Cultural regulation of disruptive technologies: Lessons from orthodox religious communities
ORCID : 0000-0002-9846-4713
Journal of Transportation Law, Logistics & Policy
Association of Transportation Law Professionals
School of Business and Law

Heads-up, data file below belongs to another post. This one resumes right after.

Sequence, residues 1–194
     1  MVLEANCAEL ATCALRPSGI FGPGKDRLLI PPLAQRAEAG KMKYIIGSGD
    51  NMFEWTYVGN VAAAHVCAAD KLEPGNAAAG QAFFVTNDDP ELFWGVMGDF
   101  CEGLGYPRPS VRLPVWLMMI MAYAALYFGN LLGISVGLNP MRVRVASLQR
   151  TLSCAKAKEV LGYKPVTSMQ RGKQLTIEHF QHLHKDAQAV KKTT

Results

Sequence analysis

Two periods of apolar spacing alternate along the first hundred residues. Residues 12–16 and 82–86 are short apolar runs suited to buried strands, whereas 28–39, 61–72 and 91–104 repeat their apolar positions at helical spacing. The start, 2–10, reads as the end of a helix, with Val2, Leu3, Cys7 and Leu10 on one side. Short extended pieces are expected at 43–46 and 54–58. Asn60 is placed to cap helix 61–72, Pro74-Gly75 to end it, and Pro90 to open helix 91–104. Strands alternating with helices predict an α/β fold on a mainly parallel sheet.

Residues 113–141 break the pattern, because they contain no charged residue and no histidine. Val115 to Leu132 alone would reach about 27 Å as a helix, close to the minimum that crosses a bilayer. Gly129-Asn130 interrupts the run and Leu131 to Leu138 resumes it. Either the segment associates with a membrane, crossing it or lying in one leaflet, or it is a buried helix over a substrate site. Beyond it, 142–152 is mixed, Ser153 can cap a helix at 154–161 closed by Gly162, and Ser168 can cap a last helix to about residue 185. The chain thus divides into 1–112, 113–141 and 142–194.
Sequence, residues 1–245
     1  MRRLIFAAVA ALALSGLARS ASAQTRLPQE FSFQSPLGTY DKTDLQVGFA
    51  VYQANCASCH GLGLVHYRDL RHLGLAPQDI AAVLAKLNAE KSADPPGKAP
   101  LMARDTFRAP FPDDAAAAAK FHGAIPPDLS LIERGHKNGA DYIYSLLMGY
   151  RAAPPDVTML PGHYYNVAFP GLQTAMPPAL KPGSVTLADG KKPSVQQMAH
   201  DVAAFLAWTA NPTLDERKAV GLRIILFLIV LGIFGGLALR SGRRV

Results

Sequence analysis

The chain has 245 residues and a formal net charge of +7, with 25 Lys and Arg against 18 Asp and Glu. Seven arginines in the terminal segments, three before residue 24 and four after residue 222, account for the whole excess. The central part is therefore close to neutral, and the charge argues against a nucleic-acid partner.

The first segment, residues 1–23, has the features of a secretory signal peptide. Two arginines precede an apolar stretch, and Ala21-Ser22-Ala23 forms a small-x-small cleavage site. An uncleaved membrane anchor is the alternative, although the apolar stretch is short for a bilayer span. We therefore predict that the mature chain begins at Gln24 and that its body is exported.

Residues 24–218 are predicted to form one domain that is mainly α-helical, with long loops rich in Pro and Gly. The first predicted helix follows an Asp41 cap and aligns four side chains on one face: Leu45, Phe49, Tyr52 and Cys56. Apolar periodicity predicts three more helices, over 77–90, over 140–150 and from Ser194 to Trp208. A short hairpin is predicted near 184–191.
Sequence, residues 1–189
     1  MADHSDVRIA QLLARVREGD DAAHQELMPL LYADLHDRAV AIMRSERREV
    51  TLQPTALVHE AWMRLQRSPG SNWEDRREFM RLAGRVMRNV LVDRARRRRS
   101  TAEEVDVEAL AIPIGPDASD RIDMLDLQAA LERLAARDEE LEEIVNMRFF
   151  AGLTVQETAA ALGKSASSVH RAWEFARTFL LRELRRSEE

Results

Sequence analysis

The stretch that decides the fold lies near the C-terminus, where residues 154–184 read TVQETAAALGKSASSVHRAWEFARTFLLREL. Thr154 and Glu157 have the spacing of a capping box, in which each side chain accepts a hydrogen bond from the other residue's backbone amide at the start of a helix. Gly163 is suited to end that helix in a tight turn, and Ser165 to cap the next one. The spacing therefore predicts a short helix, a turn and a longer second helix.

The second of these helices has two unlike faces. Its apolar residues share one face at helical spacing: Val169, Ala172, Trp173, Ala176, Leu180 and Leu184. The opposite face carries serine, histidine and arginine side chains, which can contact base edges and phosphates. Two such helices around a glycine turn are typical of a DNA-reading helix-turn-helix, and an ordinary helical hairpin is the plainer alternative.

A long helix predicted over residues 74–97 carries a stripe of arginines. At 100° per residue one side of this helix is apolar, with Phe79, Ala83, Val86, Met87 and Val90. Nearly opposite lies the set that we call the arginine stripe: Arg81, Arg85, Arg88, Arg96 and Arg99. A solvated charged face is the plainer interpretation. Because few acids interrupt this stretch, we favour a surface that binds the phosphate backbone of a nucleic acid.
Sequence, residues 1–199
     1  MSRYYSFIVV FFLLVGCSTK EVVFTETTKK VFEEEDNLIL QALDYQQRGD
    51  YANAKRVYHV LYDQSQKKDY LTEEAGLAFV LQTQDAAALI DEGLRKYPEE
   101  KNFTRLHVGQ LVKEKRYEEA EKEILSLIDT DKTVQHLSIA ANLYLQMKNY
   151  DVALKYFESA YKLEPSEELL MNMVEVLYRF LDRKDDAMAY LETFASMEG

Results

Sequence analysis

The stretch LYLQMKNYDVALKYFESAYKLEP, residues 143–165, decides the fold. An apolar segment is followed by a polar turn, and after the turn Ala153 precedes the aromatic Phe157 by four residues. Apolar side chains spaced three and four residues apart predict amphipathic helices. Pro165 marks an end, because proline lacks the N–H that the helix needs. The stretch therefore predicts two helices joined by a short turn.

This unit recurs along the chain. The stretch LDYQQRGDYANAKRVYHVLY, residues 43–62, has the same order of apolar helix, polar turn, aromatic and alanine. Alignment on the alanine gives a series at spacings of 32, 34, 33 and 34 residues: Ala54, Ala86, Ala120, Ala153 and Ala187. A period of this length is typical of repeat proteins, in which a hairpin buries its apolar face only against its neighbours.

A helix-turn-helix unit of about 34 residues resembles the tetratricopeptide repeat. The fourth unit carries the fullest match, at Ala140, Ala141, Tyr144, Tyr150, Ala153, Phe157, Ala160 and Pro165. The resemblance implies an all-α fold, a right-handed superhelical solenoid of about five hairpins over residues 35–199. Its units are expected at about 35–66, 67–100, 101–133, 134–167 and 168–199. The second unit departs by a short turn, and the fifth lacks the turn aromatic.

This paper looks at the cultural regulation of complex, disruptive technologies, focusing on the adoption of such technologies by Orthodox Jewish communities. We fi rst discuss some of the pitfalls of traditional and participatory approaches to governing such technologies. We then explore examples of the successful cultural regulation of such technologies, including the Internet, computers, and smartphones. Orthodox religious communities were able to successfully integrate these technologies – deriving some of the social and economic benefi ts they have to off er, without disrupting traditional values, religious observances, or social cohesion. We draw out several principles for eff ective cultural regulation, namely that such regulation is driven by individual users in the community, is responsive to local values, needs and modes of living, and is driven by a high level of understanding about the technology. We then discuss the issues involved in regulating automated vehicles and argue that cultural regulation can be used to govern of automated vehicles, as well. The paper ends with a call to further explore the regulation of disruptive technologies through culture, and the importance of submitting new technologies to spiritual inquiry and ethical governance.